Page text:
Neuromuscular Disorders in Cats

Neuromuscular Disorders in Cats - Symptoms, Causes, Diagnosis, Treatment, Recovery, Management, Cost
Neuromuscular Disorders in Cats - Symptoms, Causes, Diagnosis, Treatment, Recovery, Management, Cost

What are Neuromuscular Disorders?

A number of conditions can affect the complex network of nerves that direct your cat's muscles. Cats with these nerve-muscle disorders may exhibit strange behavior such as spastic movements and spontaneous contractions. Consult your veterinarian if you believe your cat has a disorder affecting her nerves and muscles, as early intervention is important for treatment or management of these neuromuscular conditions in cats.

Two main components of your cat's nervous system are the brain and the peripheral nerves. The peripheral nerves send signals from the brain to your cat's organs and extremities to regulate all the processes that keep her alive. Some peripheral nerves control involuntary processes such as digestion, breathing and heart rate. Others send voluntary signals, such as those used for walking or playing with a toy. 

Neuromuscular Disorders Average Cost

From 405 quotes ranging from $500 - $3,000

Average Cost

$1,100

Symptoms of Neuromuscular Disorders in Cats

There are a number of neuromuscular disorders that affect cats, but most manifest similar symptoms. Schedule an appointment with your veterinarian immediately if your cat exhibits one of the following symptoms of neuromuscular disorders in cats:

  • Seizures
  • Muscle weakness
  • Paralysis
  • Absence of reflexes (hyporeflexia)
  • Uncoordinated movements
  • Loss of muscle tone (hypotonia)
  • Loss of control of body movements (ataxia)
  • Weakness after physical exertion
  • Crouched stance

Types

The following are the most common types of neuromuscular disorders in cats: 

  • Motor neuron disease: Involves the death of nerve cells that control skeletal muscles.
  • Tetanus: Unusual in cats, causes stiff paralysis in an extremity upon infection.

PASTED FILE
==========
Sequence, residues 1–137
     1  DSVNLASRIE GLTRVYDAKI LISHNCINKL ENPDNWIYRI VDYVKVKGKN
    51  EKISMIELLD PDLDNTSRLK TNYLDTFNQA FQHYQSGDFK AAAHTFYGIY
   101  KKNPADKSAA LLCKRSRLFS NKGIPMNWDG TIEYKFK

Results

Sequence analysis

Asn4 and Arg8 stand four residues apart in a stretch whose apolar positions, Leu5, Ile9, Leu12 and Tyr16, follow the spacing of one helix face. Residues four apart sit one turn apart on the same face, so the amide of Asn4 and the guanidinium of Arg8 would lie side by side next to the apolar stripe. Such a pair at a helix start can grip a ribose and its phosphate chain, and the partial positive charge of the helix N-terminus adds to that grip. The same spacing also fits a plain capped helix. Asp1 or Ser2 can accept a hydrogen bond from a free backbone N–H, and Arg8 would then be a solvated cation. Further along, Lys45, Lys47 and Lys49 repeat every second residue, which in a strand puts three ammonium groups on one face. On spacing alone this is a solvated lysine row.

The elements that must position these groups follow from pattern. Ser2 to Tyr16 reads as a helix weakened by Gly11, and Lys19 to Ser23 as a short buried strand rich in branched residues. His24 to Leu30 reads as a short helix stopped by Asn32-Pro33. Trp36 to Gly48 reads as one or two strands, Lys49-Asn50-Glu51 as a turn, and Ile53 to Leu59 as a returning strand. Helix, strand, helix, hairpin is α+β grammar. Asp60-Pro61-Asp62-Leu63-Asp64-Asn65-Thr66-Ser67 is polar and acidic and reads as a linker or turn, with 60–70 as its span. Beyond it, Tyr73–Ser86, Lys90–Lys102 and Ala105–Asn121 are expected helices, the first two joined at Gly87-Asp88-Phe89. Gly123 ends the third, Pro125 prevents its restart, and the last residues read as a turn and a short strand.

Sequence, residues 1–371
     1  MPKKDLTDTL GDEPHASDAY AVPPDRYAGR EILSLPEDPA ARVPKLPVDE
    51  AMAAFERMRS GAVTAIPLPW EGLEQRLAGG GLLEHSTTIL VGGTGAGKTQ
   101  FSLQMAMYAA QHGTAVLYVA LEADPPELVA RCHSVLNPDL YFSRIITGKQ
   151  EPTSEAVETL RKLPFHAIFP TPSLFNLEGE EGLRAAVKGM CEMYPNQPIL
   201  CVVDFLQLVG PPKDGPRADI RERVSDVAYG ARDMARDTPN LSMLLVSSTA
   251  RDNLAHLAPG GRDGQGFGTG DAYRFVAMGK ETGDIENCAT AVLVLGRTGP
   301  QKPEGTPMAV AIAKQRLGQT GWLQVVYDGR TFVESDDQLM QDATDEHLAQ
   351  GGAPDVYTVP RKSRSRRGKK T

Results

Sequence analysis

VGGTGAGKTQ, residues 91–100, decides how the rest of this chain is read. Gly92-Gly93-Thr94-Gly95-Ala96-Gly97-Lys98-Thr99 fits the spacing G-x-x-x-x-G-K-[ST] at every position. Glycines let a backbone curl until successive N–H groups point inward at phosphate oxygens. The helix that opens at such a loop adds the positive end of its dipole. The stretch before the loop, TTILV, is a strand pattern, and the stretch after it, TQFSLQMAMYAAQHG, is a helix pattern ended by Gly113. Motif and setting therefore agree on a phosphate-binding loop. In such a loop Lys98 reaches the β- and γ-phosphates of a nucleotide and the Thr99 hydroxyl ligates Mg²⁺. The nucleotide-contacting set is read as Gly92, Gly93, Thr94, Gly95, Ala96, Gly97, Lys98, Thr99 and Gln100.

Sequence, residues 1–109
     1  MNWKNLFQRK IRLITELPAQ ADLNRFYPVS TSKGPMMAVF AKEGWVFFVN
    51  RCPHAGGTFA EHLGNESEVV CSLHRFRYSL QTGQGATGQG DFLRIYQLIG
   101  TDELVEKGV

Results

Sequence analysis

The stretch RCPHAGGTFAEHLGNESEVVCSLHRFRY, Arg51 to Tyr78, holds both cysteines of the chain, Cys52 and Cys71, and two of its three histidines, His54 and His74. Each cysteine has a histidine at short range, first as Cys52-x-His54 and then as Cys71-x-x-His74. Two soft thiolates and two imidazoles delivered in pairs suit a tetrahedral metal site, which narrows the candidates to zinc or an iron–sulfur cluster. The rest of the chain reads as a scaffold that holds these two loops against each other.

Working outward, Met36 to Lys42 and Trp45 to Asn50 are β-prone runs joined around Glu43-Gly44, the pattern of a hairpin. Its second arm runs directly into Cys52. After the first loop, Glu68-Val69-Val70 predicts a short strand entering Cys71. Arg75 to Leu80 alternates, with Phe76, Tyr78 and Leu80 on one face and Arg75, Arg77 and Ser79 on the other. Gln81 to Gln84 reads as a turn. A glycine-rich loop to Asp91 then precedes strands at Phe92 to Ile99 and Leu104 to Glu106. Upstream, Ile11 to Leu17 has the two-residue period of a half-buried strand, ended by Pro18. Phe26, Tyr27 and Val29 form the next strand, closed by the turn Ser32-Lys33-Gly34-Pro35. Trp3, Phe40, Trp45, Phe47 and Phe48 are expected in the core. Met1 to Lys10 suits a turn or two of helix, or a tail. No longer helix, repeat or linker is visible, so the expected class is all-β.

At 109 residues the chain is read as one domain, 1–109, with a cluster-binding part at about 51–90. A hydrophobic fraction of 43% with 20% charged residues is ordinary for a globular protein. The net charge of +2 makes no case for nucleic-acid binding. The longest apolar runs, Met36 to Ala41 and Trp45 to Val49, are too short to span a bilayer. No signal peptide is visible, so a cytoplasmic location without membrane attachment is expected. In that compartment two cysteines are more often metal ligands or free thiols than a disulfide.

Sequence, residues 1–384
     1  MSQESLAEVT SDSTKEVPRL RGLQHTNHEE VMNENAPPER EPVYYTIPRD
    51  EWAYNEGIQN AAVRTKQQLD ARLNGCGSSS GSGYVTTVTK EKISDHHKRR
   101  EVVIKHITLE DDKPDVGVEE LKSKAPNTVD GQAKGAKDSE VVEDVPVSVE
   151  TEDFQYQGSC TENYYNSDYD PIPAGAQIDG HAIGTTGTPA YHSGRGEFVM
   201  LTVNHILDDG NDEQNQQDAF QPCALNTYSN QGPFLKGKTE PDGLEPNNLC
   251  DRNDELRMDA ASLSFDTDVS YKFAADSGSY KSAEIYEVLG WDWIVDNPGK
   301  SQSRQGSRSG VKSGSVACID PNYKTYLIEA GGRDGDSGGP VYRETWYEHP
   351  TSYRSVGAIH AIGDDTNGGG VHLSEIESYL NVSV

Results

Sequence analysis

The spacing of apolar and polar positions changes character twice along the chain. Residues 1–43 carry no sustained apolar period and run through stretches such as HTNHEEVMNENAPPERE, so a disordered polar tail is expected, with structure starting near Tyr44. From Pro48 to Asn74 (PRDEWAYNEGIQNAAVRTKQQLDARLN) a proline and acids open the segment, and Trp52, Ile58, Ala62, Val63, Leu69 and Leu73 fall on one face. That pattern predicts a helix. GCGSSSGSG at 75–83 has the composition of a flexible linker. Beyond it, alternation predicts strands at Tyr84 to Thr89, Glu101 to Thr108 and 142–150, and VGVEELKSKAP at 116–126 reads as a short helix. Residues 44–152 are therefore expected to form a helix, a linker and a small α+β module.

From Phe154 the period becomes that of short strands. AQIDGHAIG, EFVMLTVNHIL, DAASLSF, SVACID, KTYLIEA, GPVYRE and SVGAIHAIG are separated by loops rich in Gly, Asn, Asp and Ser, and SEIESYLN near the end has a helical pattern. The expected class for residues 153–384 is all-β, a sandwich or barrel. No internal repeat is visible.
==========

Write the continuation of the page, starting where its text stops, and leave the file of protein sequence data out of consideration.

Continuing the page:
• Diabetic polyneuropathy: Affects cats with diabetes whose blood sugars are poorly controlled. These cats experience paralysis and atrophy that progresses over time.
  • Drug-induced neuropathies: Affect cats who have been exposed to a toxic chemical, such as fertilizers or chemotherapy, that damages nerves.
  • Myasthenia gravis: leads to tremors, stiff muscles, spinal flexion, and labored breathing from paralysis in the larynx. Myasthenia gravis is an inherited neuromuscular disorder.
  • Muscular dystrophy: affects male cats and manifests with  excessive production of saliva, hopping while running, stiff neck, vomiting, and difficulty exercising.
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Causes of Neuromuscular Disorders in Cats

There are many causes of neuromuscular disorders in cats. Some conditions are inherited or congenital (present at birth), while others are acquired after trauma or infection with a bacteria, virus or parasite. Once your veterinarian diagnoses your cat, he can explain the possible causes of that particular neuromuscular disorder in more detail.

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Diagnosis of Neuromuscular Disorders in Cats

Your veterinarian will begin the diagnostic process with a thorough physical examination of your cat, including the collection of a comprehensive history. If a veterinarian suspects your cat is suffering from a neuromuscular disorder, this physical examination will include an evaluation of the cat's gait for weakness, limping, stumbling, tripping or walking in circles. A righting test, whereby a cat is placed on its back and observed as it recovers its standing position, is often performed to test coordination. A wheelbarrow test offers insights into the functioning of your cat's front legs. 

Your veterinarian will also palpate the neck and front legs to search for areas of pain or loss of muscle tone. The trunk and hind quarters may be evaluated for abnormal posture or muscle tone. Your veterinarian may also inquire into the recent whereabouts or dietary habits of your cat. 

Several laboratory tests are appropriate for the diagnosis of neuromuscular disorders in cats. Blood tests may be ordered to rule out exposure to a neurotoxic substance. Myasthenia gravis and infections can also be detected using blood tests.